Around this time our drummer decides he has to leave so I had to spend $500 to fly up a new drummer from Austin. We get out of Canada heading out through Buffalo to Boston to play for these bikers we know out there. I met their road captain out in Santa Fe eight years ago and they've been sponsoring gigs for us ever since. Our bass player got real drunk and walked off the back porch, about four feet in the air, and falls face first onto this Harley with spikes on it. He goes to the emergency room with a big gash on his head like Frankenstein. Broke his right hand, just two fingers sticking out of the cast. His glasses were broken into a million pieces. My little brother sat down and put them back together with super glue. Huge bandages on the side of his head, glasses like a stained glass window, sitting on a stool playing the bass with two fingers, and he's still drinking like a maniac. I've got a picture of that somewhere.

Then we headed down to Hodges, South Carolina, but the club had closed because the owner got an axe in the back of the head. It was a great little club out in the middle of nowhere. Unfortunately it drew a mix of gays and bubbas and one of the gays tried to pick up one of the bubbas and the owner got killed trying to stop the fight.

After that we headed down to Tampa. It was supposed to be our gig but we ended up opening for Guitar Slim Junior. We played. It was great. Then Guitar Slim Junior's band showed up without him. Seems the bass player had beat him up the night before in Orlando.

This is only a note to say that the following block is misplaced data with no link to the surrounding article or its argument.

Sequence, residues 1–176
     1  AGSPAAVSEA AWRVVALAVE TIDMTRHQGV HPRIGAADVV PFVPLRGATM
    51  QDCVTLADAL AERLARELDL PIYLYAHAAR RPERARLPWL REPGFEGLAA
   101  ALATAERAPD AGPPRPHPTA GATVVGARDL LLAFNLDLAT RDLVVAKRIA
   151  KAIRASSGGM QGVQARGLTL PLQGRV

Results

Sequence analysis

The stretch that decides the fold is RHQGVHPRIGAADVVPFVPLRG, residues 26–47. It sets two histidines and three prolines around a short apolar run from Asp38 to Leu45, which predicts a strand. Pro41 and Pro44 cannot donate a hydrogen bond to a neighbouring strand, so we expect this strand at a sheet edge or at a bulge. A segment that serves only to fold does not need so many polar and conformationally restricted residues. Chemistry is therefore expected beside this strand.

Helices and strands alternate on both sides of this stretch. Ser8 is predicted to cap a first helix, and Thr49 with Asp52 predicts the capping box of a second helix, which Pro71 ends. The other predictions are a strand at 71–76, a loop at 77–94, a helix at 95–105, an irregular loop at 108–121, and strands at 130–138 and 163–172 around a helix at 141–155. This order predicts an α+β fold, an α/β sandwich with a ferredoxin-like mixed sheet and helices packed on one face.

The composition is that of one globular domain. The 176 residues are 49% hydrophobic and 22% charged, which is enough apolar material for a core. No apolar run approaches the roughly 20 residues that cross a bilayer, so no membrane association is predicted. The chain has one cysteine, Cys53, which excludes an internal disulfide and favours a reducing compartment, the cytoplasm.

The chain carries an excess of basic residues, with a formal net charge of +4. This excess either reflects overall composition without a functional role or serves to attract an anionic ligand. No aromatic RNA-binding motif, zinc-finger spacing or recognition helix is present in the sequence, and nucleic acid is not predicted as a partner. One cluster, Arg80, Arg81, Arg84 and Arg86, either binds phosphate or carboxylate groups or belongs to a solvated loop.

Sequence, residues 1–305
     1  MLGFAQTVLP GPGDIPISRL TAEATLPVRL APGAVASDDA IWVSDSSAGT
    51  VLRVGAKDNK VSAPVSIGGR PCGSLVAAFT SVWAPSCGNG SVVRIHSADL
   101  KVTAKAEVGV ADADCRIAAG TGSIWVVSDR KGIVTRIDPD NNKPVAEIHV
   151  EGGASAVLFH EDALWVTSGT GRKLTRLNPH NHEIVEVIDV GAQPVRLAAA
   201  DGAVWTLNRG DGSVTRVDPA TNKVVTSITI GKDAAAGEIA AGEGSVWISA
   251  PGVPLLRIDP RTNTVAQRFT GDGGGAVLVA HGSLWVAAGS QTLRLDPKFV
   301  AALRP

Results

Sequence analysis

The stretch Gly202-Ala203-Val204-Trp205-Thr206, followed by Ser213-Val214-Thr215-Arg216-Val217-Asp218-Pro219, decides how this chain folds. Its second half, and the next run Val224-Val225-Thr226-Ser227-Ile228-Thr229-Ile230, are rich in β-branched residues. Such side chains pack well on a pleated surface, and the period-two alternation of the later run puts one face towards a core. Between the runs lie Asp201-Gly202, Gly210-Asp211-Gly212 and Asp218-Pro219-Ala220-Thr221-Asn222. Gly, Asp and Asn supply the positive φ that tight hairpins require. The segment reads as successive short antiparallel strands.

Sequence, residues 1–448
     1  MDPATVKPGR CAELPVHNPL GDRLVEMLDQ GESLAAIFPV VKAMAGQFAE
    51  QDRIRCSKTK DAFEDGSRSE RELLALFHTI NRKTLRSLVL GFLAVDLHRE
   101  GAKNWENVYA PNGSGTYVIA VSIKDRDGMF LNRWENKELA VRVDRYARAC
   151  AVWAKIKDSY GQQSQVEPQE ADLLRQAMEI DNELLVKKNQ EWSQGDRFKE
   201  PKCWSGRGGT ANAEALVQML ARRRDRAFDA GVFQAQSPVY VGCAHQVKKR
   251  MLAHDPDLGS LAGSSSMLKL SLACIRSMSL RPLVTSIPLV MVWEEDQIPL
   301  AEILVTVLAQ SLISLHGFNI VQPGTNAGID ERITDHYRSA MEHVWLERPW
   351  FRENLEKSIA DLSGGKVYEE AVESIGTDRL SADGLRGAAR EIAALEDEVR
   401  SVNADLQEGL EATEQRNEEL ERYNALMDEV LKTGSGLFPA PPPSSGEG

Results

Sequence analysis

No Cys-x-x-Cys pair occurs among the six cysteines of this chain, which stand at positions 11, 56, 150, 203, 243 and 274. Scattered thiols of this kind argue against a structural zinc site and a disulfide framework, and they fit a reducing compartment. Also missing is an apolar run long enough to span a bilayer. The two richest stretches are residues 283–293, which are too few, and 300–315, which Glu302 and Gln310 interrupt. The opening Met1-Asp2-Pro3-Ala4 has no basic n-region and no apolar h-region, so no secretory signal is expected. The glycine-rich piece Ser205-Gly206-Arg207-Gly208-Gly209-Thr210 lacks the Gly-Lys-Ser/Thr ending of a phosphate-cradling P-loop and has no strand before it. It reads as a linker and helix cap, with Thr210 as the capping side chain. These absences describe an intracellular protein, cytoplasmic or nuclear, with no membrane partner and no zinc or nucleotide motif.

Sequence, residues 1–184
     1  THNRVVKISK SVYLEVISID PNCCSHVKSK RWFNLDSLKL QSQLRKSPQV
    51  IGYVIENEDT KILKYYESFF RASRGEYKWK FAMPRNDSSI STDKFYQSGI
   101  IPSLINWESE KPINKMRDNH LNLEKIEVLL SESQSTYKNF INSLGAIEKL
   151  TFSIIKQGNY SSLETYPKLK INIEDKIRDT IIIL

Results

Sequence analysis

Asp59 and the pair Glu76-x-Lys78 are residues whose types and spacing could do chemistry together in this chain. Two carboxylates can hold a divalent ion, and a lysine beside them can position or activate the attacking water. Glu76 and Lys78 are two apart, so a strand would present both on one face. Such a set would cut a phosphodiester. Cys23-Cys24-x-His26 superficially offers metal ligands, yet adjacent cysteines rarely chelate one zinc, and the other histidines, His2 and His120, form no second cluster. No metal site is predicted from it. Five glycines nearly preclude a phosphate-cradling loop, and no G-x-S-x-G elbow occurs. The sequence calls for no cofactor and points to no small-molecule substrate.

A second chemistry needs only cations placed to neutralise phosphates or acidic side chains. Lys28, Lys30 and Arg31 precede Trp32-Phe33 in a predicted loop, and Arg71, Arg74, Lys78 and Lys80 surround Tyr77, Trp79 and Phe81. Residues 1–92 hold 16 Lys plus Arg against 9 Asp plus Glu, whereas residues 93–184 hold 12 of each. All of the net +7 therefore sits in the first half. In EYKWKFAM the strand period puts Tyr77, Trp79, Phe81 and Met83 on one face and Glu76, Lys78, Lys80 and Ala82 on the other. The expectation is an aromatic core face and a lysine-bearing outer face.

Last was Sloppy Joe's in Key West. Played down there Tuesday through Sunday night. The last dates on the tour and we were just beat. Hot and humid like hell. No air conditioning. It was just horrible. The last night at the gig we had made friends with this Jamaican maintenance man, John. He was a kick boxer and could jump from the floor and kick the ceiling. Real muscular guy. He was an extra in some James Bond movie. We were hanging around after hours, having a few beers with him after the gig. This motorcycle club was down there having a poker run so you've got all these drunk bikers driving by and one of them sees us sitting in there and decides he wants a drink. We told him we were packing up to leave and John was seeing him to the door. John told the cook, who's name was Conrad, to shut the door once he was out. The drunken biker thought John was calling him "cornbread" when he was really saying Conrad, so he took a poke at him. Well, John kickboxed him out the door. The biker bites him on the hand, but John kicks him around some more and the biker gets up and zooms off on his bike. The sound guy at the club immediately went over and called the police. The next thing you know, the biker comes back with his sponsor. Of course this biker idiot was a prospect. The sponsor biker was about 7 foot 4 and was real mad because someone was messing with his biker brother. John goes over to explain and the guy reaches over and stabs him. He's running around spurting blood. I run out and jump in the van thinking I can run over the bikers before they get away. Of course the van won't start. Meantime the sound guy had run out with a 2 X 6 and batted the first biker off his ride. The big guy comes back around trying to get his bike in the front door. We don't know if he has a gun or what. We were all running around. At this same time my bass player is trying to get all of the beer out of the back room. The police finally show up and collar the two bikers. I end up in police headquarters filling out police reports for hours. John spends nine days in the hospital but pulls through. Then I finally get to come back to Dallas where I got to cater my own wedding, take two weeks off, and then leave for a west coast tour for two and a half months. That's another story.